8) I will make sure that the first day includes the most interesting and engaging content I can pull together. And the best read aloud.

9) I will tell the kids about me the first day of school. I want them to know that I have two teenage boys who play football. I will tell stories about my two crazy, naughty black lab teenager puppies. I will tell them about moving this summer and how many boxes of books I carried. I'm trying to decide how I will do this- through collage or imovie or ????

10) I will make sure the first day includes lots of activities for my visual and kinesthetic learners.
We are going to read lots of great books, laugh, personalize the room, make collages, do a science experiment or an activity that involves reading to cook or make something. We are not going to spend the day talking about rules, or passing out books and talking about what happens to kids who lose their books.

10) I will make sure that the first day includes lots of laughter. What is learned with laughter is never forgotten.

24 comments:

Susan T. said...

I love this post, Carol. Wonderful.

Susan
Chicken Spaghetti

Mindi said...

What a thoughtful and touching post. You've hit on so many things I think about as I prepare for the new year.

Susan said...

Oh, how to get this message to all the teachers out there who are expending all their energy on the first adorable bulletin board.

Although . . . speaking of bulletin boards, that could be the way you tell your students about you. I always start the year with a Getting To Know Your Teacher bulletin board: the words "I like music" posted over my favorite CD; "I like reading" over my favorite book; "I like coffee" over an empty Starbucks cup (a little hint for parents who might wonder what to get me at Christmas). Then, for the first project, I have them do a Getting To Know Me poster to display.

Karen said...

Carol, you have perspective on some of this that I unwittingly would not have thought of regarding first day. Thanks so much for sharing this post. It has made me very reflective about what I want my students to take away from the first day of school.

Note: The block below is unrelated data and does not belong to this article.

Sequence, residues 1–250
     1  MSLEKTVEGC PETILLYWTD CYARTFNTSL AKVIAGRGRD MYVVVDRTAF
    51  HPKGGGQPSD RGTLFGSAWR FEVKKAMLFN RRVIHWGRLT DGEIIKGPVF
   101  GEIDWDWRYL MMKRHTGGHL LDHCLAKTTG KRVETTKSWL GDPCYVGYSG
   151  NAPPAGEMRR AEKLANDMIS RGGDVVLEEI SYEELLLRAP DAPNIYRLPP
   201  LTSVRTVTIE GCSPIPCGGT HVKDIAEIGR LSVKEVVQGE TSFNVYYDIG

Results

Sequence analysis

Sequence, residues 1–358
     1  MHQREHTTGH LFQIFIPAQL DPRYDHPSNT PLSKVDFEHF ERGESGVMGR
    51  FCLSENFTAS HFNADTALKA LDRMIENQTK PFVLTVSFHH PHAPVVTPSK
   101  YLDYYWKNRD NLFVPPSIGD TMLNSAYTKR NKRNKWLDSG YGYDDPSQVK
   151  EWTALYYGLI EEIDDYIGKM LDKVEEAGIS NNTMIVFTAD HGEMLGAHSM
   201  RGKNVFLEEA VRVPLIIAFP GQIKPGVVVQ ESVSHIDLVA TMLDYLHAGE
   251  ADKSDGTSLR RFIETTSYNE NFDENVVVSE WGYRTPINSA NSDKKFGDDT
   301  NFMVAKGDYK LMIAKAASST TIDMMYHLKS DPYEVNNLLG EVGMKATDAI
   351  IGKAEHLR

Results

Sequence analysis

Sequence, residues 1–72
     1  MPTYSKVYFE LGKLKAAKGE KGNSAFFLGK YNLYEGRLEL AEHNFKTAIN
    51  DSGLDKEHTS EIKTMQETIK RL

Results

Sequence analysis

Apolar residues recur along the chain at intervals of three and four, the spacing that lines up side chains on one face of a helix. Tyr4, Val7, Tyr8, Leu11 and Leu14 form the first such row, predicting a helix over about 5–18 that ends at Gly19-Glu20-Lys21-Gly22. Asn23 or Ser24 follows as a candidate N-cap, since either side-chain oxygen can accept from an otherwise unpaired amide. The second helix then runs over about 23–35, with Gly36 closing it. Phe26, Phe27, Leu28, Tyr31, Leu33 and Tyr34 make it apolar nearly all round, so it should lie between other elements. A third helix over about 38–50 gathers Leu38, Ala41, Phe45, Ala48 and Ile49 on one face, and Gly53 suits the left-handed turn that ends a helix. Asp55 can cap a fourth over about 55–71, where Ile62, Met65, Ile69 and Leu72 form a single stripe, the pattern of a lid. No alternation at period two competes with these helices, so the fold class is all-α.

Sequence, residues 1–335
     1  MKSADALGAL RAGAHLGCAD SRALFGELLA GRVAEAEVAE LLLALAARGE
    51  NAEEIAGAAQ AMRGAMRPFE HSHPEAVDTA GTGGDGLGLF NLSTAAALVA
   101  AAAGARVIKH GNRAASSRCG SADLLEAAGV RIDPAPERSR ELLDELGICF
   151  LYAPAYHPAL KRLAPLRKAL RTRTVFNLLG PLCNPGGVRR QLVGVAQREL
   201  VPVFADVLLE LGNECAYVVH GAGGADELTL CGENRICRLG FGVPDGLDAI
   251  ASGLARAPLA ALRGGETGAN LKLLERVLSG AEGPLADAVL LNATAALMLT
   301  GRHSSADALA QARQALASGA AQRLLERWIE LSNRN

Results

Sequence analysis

Mrs. Johnson said...

I enjoyed your post. It is important to think about everything. I want my classroom to be a welcoming environment from day one. I also do not want any students to be made uncomfortable about things they have no control over.

Mrs. Johnson said...

I enjoyed your post. It is important to think about everything. I want my classroom to be a welcoming environment from day one. I also do not want any students to be made uncomfortable about things they have no control over.

Lori Sabo said...

Very thoughtful. Students who spend a year with you are fortunate, indeed.

Rebecca said...

Last year I shared personal information about myself with a Powerpoint. I had linked to a video I had taken of millions of bats emerging from a cave in Texas that summer and was sure to put out lots of bat books. I gave them a little funny non-threatening quiz (multiple choice) about myself. I followed up with a scavenger hunt - find someone who... and used the scavenger hunt results during my morning meetings for the next couple of weeks. I would post "Who has a dog?" "Who went to the beach?" and students would try to remember classmates.
I read something in Teach Like Your Hairs on Fire that has also inspired me. Rafe Esquith says that he has these amazing string art projects that he does with his 5th graders. He has them showcased on the first day of school. Students ask "Are we going to do those this year?" and he replies "Yes, and we are going to start them right now!" How cool is that. So I am going to do something the very first day that is exciting and gets right into the content -
Thanks for your great post.

Patrick A. Allen said...

Lovely post. Thanks for always making us think!

Laura Benson said...

So happy to dwell in your wise words again. Much love and abundant respect forever and always...

Diane/2nd said...

Thanks for this post! I have two adopted daughters also. I'm so glad you posted this.

Nanc said...

Thank you for this post...my foster daughter who now is 24 still remembers never having a baby picture or little girl picture to share in her classrooms. Thank you for sharing your perspective...I hope that some will change their plans as a result

Mary Lee said...

All of them, but for sure #8. That one doesn't require you to know the history of your name, share your life timeline, or have the right school supplies.

Thanks, Carol, for sharing your heart with us.

kberg said...